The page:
Note: in addition to converting data to TFRecords in Roboflow, you can check the health of your dataset, make preprocessing and augmentation decisions, and generate synthetic object detection data so you can avoid overfitting and spend less time labeling more data.

Selecting TensorFlow TFRecord export format from Roboflow

After export, you will receive a curl link to download your data into our training notebook. There will be two links in the notebook to replace. The first is the TFRecord link you just generated. For the second link, repeat the steps for COCO JSON (in the dropdown as JSON > COCO).

Downloading our training data as TensorFlow TFRecord in the TFLite Colab Notebook

Lastly, we map our training data files to variables for use in our training pipeline configuration.

Training Custom TensorFlow Model

Because TensorFlow Lite lacks training capabilities, we will be training a TensorFlow 1 model beforehand: MobileNet Single Shot Detector (v2).

Instead of writing the training from scratch, the training in this tutorial is based on a previous post: How to Train a TensorFlow MobileNet Object Detection Model. It explains the reason for choosing the MobileNet architecture:

“This specific architecture, researched by Google, is optimized for lightweight inference, enabling it to perform well natively on compute-constrained mobile and embedded devices”

We will not dive deeply into details here. To learn more about training, refer to the tutorial to train MobileNet and provided MobileNet Object Detection Colab Notebook.

From a high level, in order to train our custom object detection model, we take the following steps in the Colab Notebook to Train TensorFlow Lite Model:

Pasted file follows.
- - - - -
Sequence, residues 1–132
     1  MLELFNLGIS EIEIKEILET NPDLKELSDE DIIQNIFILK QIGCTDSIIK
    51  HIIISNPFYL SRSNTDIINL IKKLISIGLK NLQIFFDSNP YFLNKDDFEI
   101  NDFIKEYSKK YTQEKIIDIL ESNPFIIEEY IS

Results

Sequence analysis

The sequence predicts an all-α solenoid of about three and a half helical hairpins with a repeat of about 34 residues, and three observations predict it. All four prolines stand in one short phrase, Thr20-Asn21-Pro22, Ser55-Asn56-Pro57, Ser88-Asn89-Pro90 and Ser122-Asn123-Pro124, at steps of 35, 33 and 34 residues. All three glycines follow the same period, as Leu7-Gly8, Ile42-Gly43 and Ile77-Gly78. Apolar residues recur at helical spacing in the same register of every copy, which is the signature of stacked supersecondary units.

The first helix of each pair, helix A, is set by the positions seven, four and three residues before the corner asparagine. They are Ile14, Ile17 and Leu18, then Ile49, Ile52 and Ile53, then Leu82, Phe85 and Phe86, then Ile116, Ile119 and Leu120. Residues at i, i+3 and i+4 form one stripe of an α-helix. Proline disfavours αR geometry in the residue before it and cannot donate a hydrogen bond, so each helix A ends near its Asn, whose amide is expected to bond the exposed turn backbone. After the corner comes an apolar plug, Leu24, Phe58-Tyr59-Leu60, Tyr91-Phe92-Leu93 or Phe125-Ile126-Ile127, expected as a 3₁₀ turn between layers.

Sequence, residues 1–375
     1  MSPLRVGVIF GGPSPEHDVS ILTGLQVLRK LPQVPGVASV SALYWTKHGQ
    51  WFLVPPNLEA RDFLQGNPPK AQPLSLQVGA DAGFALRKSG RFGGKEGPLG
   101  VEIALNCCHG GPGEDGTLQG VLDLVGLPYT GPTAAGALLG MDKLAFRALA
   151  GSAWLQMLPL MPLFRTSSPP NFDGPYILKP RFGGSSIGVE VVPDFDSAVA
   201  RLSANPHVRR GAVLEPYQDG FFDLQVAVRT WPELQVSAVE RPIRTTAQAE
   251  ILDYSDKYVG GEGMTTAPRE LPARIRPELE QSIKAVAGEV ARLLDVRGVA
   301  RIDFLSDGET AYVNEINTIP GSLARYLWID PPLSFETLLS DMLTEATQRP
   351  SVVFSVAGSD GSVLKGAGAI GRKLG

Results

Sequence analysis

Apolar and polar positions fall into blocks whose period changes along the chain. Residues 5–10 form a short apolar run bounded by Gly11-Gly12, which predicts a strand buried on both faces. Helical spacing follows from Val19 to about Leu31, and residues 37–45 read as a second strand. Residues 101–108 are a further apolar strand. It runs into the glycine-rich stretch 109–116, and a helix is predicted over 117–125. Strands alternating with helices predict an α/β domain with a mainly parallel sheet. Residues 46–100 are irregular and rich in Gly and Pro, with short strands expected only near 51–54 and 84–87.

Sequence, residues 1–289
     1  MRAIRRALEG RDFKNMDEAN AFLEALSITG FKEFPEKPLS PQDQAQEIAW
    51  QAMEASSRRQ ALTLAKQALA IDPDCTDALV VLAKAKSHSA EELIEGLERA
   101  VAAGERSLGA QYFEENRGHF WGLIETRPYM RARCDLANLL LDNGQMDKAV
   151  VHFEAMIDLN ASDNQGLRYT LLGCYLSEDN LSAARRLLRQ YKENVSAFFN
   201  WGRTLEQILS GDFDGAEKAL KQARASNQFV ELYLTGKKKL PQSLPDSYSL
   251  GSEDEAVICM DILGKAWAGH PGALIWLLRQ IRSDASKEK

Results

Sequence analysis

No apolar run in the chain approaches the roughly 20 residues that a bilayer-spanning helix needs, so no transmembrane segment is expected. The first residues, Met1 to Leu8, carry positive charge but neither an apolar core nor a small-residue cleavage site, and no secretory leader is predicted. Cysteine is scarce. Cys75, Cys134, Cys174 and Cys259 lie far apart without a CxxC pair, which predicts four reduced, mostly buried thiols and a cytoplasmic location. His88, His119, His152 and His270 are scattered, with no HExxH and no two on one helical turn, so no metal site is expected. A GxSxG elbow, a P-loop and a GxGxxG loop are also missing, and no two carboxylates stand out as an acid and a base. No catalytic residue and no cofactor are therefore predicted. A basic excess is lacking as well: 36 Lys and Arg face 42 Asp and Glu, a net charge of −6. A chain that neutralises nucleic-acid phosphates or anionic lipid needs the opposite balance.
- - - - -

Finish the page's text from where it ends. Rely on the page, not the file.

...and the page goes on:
Training our custom TensorFlow Lite object detection model ⏰
  • Export frozen inference graph in .pb format
  • Make inferences on test images to make sure our detector is functioning
Our custom cell detector inferring on a test image

Converting a SavedModel to TensorFlow Lite

Once you have a SavedModel (from the provided Colab Notebook or your own source), use the TensorFlow Lite Converter. Google recommends using its Python API, though it provides a Command Line Tool to do the trick as well.

We use the command line converter in the notebook because it’s simpler.

Converting our .pb model to .tflite with the command line converter

Be sure to set the input shape as desired for deployment. Smaller input shapes will run faster, but will be less performant.

Deployment Your Custom TensorFlow Lite Model

Lastly, we download our TensorFlow Lite model out of the Colab Notebook.

To deploy your model on device, check out the official TensorFlow Lite Android Demo, iOS Demo, or Raspberry Pi Demo. You can simply clone one of these repositories, drop in your .tflite file, and build according to the repo’s README.

Roboflow offers a mobile iOS SDK if your mobile applications will also need to run on iPhones or iPads.

You’re ready to run on-device inference 💥

As always - happy detecting!